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Could Best Buy (NYSE:BBY) Multiply In Value?

Simply Wall St
·3 min read

Finding a business that has the potential to grow substantially is not easy, but it is possible if we look at a few key financial metrics. One common approach is to try and find a company with returns on capital employed (ROCE) that are increasing, in conjunction with a growing amount of capital employed. If you see this, it typically means it's a company with a great business model and plenty of profitable reinvestment opportunities. Ergo, when we looked at the ROCE trends at Best Buy (NYSE:BBY), we liked what we saw.

Return On Capital Employed (ROCE): What is it?

If you haven't worked with ROCE before, it measures the 'return' (pre-tax profit) a company generates from capital employed in its business. Analysts use this formula to calculate it for Best Buy:

Return on Capital Employed = Earnings Before Interest and Tax (EBIT) ÷ (Total Assets - Current Liabilities)

0.29 = US$2.4b ÷ (US$21b - US$13b) (Based on the trailing twelve months to October 2020).

So, Best Buy has an ROCE of 29%. That's a fantastic return and not only that, it outpaces the average of 13% earned by companies in a similar industry.

Check out our latest analysis for Best Buy

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In the above chart we have measured Best Buy's prior ROCE against its prior performance, but the future is arguably more important. If you'd like, you can check out the forecasts from the analysts covering Best Buy here for free.

What The Trend Of ROCE Can Tell Us

We'd be pretty happy with returns on capital like Best Buy. The company has consistently earned 29% for the last five years, and the capital employed within the business has risen 22% in that time. With returns that high, it's great that the business can continually reinvest its money at such appealing rates of return. You'll see this when looking at well operated businesses or favorable business models.

On a separate but related note, it's important to know that Best Buy has a current liabilities to total assets ratio of 61%, which we'd consider pretty high. This can bring about some risks because the company is basically operating with a rather large reliance on its suppliers or other sorts of short-term creditors. Ideally we'd like to see this reduce as that would mean fewer obligations bearing risks.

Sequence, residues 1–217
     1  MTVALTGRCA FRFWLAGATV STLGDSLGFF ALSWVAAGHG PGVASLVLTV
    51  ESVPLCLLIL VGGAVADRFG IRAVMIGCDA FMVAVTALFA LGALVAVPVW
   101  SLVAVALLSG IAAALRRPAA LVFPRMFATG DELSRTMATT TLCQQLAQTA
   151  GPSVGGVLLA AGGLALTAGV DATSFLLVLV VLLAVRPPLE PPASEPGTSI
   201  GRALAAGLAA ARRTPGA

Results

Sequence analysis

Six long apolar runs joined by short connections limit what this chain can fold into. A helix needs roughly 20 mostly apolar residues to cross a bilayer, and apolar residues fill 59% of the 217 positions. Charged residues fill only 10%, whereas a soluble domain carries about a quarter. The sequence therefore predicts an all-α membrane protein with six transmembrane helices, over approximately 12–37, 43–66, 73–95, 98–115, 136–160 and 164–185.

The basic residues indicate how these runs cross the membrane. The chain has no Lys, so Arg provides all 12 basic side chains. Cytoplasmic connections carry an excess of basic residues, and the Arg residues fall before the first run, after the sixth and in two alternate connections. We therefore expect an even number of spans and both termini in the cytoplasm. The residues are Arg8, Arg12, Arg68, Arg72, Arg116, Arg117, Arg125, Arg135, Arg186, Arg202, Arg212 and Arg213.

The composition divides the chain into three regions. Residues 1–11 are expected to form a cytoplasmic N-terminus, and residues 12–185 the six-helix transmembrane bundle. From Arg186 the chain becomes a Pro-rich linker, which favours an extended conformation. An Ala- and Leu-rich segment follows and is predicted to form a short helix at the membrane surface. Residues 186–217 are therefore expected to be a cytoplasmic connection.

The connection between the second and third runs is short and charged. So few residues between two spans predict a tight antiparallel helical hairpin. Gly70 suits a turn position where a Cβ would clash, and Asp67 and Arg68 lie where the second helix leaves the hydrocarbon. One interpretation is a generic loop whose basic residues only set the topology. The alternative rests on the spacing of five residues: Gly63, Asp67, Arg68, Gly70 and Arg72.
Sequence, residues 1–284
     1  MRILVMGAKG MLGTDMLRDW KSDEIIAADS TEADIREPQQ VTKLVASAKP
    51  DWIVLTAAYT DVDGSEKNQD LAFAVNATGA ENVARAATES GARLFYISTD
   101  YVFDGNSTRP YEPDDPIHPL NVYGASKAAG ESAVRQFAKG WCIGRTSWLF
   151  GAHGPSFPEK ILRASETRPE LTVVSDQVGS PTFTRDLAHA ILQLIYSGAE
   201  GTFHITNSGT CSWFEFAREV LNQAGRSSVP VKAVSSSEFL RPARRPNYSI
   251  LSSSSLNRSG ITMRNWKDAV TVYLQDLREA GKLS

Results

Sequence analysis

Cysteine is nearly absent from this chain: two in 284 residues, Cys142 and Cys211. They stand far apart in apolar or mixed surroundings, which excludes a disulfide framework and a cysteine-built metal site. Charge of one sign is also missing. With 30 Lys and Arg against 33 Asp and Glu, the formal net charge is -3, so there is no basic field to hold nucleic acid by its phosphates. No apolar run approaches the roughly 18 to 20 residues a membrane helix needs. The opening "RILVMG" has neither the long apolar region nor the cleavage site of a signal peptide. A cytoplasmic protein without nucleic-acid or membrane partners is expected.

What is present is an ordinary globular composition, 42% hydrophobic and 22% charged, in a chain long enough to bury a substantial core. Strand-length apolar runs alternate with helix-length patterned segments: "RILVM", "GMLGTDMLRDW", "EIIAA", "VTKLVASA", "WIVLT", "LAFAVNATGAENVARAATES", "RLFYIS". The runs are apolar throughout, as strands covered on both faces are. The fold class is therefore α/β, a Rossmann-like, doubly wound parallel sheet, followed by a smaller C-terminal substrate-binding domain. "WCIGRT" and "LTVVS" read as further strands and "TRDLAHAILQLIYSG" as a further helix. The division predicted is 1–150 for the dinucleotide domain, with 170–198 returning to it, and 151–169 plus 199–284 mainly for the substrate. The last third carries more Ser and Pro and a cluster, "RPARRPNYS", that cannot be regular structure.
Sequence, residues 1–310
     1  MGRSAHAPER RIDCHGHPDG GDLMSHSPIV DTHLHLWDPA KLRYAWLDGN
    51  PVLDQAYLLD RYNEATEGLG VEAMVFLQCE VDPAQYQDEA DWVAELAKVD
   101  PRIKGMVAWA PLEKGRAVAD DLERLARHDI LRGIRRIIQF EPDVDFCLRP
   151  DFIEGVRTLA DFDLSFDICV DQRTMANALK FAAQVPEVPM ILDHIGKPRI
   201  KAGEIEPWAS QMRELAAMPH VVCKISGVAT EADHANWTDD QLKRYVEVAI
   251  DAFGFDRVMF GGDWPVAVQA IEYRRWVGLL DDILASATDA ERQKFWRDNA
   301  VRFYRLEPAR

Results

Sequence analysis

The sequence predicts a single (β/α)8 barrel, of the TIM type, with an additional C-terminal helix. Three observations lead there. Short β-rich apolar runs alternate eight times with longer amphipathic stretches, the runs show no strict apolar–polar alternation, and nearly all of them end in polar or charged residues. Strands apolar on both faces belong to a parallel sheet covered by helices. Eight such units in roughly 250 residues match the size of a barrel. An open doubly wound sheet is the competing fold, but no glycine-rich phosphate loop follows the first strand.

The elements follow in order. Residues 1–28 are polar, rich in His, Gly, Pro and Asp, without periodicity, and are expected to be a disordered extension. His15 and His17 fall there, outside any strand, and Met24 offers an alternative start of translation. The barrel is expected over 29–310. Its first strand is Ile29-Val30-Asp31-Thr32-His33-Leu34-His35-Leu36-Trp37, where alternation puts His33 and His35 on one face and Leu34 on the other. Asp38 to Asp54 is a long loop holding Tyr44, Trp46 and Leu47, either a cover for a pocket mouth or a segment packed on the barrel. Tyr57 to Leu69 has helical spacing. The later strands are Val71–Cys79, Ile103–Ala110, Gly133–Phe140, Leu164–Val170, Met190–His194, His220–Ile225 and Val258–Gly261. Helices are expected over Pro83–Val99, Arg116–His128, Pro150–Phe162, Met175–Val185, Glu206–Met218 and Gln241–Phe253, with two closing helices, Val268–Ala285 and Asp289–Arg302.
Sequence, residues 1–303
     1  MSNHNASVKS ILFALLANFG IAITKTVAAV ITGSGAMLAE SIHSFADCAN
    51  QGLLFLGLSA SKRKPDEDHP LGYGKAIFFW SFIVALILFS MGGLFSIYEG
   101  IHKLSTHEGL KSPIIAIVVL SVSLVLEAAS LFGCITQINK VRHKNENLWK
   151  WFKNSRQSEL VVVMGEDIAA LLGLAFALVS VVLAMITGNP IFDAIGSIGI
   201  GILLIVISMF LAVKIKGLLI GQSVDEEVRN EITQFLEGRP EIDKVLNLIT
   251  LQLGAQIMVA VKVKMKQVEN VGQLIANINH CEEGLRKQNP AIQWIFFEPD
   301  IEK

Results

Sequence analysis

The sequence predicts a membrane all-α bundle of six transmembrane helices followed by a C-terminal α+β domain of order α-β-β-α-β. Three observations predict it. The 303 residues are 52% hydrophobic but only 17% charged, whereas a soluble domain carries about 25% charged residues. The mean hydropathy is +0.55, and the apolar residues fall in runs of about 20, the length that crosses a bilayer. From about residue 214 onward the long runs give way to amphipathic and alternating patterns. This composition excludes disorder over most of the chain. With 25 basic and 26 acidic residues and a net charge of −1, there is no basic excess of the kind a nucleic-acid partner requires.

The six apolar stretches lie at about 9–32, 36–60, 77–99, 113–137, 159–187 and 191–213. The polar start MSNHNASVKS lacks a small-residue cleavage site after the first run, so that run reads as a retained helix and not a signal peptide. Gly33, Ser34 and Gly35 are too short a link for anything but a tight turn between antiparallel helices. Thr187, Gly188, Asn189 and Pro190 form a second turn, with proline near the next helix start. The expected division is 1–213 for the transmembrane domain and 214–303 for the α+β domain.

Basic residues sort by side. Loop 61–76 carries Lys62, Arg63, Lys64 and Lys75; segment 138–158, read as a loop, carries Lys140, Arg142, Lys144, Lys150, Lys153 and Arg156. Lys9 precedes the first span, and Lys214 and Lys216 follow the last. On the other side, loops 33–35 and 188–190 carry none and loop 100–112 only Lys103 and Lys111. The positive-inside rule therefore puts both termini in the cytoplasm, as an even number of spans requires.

What We Can Learn From Best Buy's ROCE

Best Buy has demonstrated its proficiency by generating high returns on increasing amounts of capital employed, which we're thrilled about. On top of that, the stock has rewarded shareholders with a remarkable 283% return to those who've held over the last five years. So while investors seem to be recognizing these promising trends, we still believe the stock deserves further research.

On a final note, we've found 2 warning signs for Best Buy that we think you should be aware of.

If you'd like to see other companies earning high returns, check out our free list of companies earning high returns with solid balance sheets here.

This article by Simply Wall St is general in nature. It does not constitute a recommendation to buy or sell any stock, and does not take account of your objectives, or your financial situation. We aim to bring you long-term focused analysis driven by fundamental data. Note that our analysis may not factor in the latest price-sensitive company announcements or qualitative material. Simply Wall St has no position in any stocks mentioned.

Have feedback on this article? Concerned about the content? Get in touch with us directly. Alternatively, email editorial-team (at) simplywallst.com.